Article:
TRUMBULL COUNTY Girard bid award prompts objection



The highest bidder by $1,800 has received a contract for the sewer work.
By TIM YOVICH
VINDICATOR TRUMBULL STAFF
GIRARD -- The Girard Board of Control has awarded a contract to the highest bidder on a project, opening the door to a possible lawsuit.
The three-member controlling board composed of the mayor and safety and service directors has awarded a $26,600 contract to A.P. O'Horo Co. to construct the Heather Avenue sanitary sewer extension.
O'Horo bid $26,600, while M & amp;M Excavating Inc. offered to do the work for $24,800, or $1,800 less.
Mayor James J. Melfi said Wednesday that engineering consultants Burgess & amp; Niple recommended O'Horo be awarded the contract.
M & amp;M's attorney, Robert York of Warren, has filed an objection to rejecting M & amp;M as the lowest and best bidder.
Demands meeting
In a letter Wednesday to the controlling board, York demanded a meeting with the board; Burgess and Niple; Rex Funge, city service director; and David Hall, city engineer.
Melfi said he favored O'Horo, alleging that M & amp;M submitted work change orders while moving a city-owned waterline at state Route 193 and Belmont Avenue. That increased the cost of the project, the mayor said.
The mayor said Law Director Mark Standohar ruled that the controlling board can award contracts to the "lowest and best" bidders.
In this case, Melfi explained, he believes O'Horo submitted the best bid, based on past performance.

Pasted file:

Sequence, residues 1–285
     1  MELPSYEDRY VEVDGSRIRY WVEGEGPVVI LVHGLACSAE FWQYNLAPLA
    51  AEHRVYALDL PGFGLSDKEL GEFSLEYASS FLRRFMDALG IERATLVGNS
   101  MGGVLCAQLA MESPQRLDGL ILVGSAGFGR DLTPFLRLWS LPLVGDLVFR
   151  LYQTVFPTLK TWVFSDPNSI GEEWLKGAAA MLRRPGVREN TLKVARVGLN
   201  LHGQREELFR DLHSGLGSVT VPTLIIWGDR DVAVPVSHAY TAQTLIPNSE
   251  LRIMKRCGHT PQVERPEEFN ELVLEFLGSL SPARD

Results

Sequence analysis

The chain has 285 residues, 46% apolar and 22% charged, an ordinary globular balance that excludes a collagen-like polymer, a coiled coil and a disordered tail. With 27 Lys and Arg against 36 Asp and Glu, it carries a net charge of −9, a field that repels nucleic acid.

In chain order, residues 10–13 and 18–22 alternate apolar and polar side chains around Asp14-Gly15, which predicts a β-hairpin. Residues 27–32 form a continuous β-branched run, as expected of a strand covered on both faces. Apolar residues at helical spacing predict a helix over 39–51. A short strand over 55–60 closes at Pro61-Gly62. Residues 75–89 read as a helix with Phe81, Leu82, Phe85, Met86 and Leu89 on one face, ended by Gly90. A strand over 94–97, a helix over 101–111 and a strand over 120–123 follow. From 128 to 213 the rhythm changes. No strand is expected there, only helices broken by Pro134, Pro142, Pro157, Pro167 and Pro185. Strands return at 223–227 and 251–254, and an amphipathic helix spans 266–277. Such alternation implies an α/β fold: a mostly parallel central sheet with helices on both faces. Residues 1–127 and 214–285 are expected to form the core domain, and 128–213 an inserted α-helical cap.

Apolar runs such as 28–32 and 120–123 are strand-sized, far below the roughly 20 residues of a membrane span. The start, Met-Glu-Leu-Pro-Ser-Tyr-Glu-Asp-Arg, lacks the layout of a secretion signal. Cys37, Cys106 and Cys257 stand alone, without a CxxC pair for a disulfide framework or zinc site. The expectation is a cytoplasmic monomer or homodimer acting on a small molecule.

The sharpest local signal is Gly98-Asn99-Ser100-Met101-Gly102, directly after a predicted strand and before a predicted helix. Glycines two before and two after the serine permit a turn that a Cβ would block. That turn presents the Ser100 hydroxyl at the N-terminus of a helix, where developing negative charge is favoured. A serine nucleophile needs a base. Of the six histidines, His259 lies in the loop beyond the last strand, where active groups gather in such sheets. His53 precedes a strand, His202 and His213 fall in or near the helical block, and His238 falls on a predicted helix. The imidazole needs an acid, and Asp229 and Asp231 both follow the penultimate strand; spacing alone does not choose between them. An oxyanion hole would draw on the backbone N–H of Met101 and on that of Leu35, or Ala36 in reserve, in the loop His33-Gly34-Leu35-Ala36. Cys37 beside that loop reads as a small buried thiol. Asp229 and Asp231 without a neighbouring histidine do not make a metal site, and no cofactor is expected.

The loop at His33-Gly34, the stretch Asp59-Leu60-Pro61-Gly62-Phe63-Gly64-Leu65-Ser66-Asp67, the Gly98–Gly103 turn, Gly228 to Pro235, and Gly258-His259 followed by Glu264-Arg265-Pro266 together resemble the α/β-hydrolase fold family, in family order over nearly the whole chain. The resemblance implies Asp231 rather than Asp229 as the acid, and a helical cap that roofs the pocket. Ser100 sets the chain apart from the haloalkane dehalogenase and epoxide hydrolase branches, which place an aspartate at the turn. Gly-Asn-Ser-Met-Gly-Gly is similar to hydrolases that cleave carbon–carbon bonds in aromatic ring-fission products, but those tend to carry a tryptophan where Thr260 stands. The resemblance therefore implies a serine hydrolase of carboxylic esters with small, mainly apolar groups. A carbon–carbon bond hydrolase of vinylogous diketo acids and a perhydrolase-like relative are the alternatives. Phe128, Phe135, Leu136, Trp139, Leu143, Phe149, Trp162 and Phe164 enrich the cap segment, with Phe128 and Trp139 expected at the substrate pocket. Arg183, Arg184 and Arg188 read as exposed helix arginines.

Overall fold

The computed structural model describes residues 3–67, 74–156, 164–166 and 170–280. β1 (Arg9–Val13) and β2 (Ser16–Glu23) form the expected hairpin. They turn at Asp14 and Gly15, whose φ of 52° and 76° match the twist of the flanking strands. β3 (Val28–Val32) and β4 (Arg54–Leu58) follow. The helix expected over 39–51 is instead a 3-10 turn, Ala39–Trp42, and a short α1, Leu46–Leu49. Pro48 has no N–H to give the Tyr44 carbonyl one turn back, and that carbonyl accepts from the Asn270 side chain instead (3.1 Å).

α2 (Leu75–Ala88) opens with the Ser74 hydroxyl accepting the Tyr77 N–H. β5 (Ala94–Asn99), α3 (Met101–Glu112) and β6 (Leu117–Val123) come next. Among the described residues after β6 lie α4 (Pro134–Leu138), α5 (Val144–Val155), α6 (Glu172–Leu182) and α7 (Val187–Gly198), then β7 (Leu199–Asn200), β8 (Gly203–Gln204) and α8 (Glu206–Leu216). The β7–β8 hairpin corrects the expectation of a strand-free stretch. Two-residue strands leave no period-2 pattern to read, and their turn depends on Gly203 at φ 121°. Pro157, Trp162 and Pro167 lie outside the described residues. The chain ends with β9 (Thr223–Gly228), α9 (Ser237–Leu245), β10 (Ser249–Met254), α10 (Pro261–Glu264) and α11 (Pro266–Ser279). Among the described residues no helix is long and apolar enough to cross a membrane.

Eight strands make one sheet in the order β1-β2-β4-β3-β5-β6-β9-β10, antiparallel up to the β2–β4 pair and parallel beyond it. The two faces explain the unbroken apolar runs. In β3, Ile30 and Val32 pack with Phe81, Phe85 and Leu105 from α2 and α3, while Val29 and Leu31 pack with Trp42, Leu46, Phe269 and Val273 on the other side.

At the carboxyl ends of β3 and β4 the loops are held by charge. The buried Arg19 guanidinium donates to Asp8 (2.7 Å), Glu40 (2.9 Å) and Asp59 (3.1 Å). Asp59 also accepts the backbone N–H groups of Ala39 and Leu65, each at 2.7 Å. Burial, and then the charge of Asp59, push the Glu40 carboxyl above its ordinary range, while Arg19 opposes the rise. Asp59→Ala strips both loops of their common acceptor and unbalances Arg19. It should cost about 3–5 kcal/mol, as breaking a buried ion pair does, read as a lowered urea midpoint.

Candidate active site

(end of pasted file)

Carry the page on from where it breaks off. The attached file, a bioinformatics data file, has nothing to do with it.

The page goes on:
O'Horo did much of the rebuilding of the city sewage treatment plant when it was heavily damaged by flooding during last summer's thunderstorms.
In his letter, York asserted that M & amp;M did the waterline project to the satisfaction of Hall, and Hall has given favorable reports of M & amp;M's performance to other consulting engineers on other projects.
York wrote that additional work was required on the waterline project because Hall "did not correctly portray the existing line."
Funge had said he was also concerned because M & amp;M's president, James Matash, served a prison term when caught up in a bidding scandal in Warren.
What happened
Matash is a felon, having been sentenced to a year in prison for unlawfully acquiring a contract to demolish the Regency Hotel on U.S. Route 422 in Warren.
Melfi said that Matash's being a felon didn't play a role in his decision to award the contract to O'Horo.
However, he did assert that Funge's concern about Matash "certainly has merit."
York asserted in his letter that a criminal conviction has nothing to do with performing work in a "timely and workmanlike manner."
Rejection of M & amp;M's bid, York added, is "unlawful and invalidates rejection of the bid, as well as the award of the contract to the higher bidder."
yovich@vindy.com

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